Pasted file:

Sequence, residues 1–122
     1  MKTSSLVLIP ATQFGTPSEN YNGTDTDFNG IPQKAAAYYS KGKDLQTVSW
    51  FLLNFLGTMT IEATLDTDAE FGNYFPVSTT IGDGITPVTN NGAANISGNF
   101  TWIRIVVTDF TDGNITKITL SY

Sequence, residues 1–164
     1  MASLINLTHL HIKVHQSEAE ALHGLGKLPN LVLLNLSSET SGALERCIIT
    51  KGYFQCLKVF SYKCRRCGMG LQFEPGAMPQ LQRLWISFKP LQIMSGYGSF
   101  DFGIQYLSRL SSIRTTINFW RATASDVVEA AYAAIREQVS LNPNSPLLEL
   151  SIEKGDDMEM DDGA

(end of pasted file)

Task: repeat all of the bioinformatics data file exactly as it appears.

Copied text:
Sequence, residues 1–122
     1  MKTSSLVLIP ATQFGTPSEN YNGTDTDFNG IPQKAAAYYS KGKDLQTVSW
    51  FLLNFLGTMT IEATLDTDAE FGNYFPVSTT IGDGITPVTN NGAANISGNF
   101  TWIRIVVTDF TDGNITKITL SY

Sequence, residues 1–164
     1  MASLINLTHL HIKVHQSEAE ALHGLGKLPN LVLLNLSSET SGALERCIIT
    51  KGYFQCLKVF SYKCRRCGMG LQFEPGAMPQ LQRLWISFKP LQIMSGYGSF
   101  DFGIQYLSRL SSIRTTINFW RATASDVVEA AYAAIREQVS LNPNSPLLEL
   151  SIEKGDDMEM DDGA